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State Funds Falling for Pre-Kindergarten Programs

A national report finds that Iowa ranks 7th in the country, when it comes to enrolling 4-year-olds in pre-school.

That's despite the fact that across the nation such programs are losing their state funding some of them drastically.

Still several corridor agencies say what should be good news, isn't.

Pre-K programs like Waypoint are partly self-funded, but families who bring their children here can qualify to receive funding from the state.

 As of late due to the sequestration, some programs likes these will have to cut back because the state can no longer afford them.

Playtime for these four year olds at waypoint means hanging out with friends and learning how to interact with peers, something educators say helps prepare them for kindergarten.

"Every child that goes through childcare and through pre-school programing just start out so much ahead,” said Way Point director of Child Care Services Jen Kovach.

While it's mostly self-funded, Waypoint also receives funding from united way and the state's department of human services, but not too long ago, they had a state funded pre-school program that was completely free for families with pre-k children.

"We actually stopped doing that program about two years ago because sensed that the funding was going to be getting cut, she said.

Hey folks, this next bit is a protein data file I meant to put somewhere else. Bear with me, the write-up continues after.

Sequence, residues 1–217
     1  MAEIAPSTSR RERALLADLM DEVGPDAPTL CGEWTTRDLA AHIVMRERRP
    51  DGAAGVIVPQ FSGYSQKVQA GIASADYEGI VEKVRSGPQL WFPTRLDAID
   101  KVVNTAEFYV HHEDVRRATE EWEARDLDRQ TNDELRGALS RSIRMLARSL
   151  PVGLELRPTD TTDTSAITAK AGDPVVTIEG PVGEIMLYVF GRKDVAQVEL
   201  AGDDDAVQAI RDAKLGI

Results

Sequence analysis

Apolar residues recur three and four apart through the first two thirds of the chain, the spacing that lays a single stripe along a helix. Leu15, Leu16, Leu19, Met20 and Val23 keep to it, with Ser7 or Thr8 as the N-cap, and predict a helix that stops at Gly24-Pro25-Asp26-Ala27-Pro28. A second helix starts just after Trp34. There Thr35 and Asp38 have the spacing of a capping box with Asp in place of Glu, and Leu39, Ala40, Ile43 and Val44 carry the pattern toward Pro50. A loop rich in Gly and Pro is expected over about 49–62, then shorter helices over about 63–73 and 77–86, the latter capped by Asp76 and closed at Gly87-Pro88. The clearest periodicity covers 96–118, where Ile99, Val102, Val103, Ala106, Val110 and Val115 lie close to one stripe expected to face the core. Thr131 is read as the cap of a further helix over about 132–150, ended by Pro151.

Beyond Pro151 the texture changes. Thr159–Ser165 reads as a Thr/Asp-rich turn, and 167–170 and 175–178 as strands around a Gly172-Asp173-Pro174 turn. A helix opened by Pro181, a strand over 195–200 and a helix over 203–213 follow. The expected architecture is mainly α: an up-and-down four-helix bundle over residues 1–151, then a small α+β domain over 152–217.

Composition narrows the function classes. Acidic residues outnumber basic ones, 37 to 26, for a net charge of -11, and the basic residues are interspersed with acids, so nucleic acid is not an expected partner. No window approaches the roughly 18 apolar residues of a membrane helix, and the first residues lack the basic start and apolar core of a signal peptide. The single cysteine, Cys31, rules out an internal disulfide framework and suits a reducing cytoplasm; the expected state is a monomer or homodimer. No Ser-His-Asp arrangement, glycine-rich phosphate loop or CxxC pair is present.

It did. Now with the federal sequestration cuts, the money problems here are only getting worse especially for the federally funded HACAP Headstart program.

The loss means 70 children in their six county area will have to go someplace else come fall.

Collins says they are already implementing plans to make sure the cuts won't affect those already in these classes

"It will just be a matter of looking at at our waiting list and moving those children into spots that we have available,” said Headstart Training Coordinator Cheryl Collins.

Perhaps the biggest silver lining, a decade ago Iowa ranked 31st in the nation - so progress is being made.

"My goal is to see every four-year-old child be able to have the opportunity to attend a pre-school program,” said Kovach.

One other silver lining - when it comes to enrolling three-year olds in pre-school, Iowa is one of six  that spent more money than the year before.

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